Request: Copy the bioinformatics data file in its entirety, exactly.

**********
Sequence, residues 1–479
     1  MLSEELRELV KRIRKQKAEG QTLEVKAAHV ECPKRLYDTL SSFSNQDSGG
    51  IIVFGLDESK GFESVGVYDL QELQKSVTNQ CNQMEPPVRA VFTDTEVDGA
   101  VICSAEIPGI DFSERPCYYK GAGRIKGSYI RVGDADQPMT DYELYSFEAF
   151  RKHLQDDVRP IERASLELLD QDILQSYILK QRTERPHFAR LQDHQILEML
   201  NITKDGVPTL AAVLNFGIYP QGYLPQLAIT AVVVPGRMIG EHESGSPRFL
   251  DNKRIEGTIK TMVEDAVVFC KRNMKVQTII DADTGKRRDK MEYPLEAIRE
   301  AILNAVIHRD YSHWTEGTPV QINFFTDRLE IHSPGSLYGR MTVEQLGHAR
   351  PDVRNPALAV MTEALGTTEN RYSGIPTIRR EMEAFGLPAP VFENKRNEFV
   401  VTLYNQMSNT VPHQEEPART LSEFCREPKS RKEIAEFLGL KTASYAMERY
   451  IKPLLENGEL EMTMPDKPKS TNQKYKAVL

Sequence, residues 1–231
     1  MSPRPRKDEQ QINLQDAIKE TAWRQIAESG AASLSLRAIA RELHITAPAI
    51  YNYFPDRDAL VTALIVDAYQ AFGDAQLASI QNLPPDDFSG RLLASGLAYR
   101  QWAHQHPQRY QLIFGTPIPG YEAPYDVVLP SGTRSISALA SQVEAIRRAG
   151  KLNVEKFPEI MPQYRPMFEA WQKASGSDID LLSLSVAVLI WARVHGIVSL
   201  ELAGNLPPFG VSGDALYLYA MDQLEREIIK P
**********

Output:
Sequence, residues 1–479
     1  MLSEELRELV KRIRKQKAEG QTLEVKAAHV ECPKRLYDTL SSFSNQDSGG
    51  IIVFGLDESK GFESVGVYDL QELQKSVTNQ CNQMEPPVRA VFTDTEVDGA
   101  VICSAEIPGI DFSERPCYYK GAGRIKGSYI RVGDADQPMT DYELYSFEAF
   151  RKHLQDDVRP IERASLELLD QDILQSYILK QRTERPHFAR LQDHQILEML
   201  NITKDGVPTL AAVLNFGIYP QGYLPQLAIT AVVVPGRMIG EHESGSPRFL
   251  DNKRIEGTIK TMVEDAVVFC KRNMKVQTII DADTGKRRDK MEYPLEAIRE
   301  AILNAVIHRD YSHWTEGTPV QINFFTDRLE IHSPGSLYGR MTVEQLGHAR
   351  PDVRNPALAV MTEALGTTEN RYSGIPTIRR EMEAFGLPAP VFENKRNEFV
   401  VTLYNQMSNT VPHQEEPART LSEFCREPKS RKEIAEFLGL KTASYAMERY
   451  IKPLLENGEL EMTMPDKPKS TNQKYKAVL

Sequence, residues 1–231
     1  MSPRPRKDEQ QINLQDAIKE TAWRQIAESG AASLSLRAIA RELHITAPAI
    51  YNYFPDRDAL VTALIVDAYQ AFGDAQLASI QNLPPDDFSG RLLASGLAYR
   101  QWAHQHPQRY QLIFGTPIPG YEAPYDVVLP SGTRSISALA SQVEAIRRAG
   151  KLNVEKFPEI MPQYRPMFEA WQKASGSDID LLSLSVAVLI WARVHGIVSL
   201  ELAGNLPPFG VSGDALYLYA MDQLEREIIK P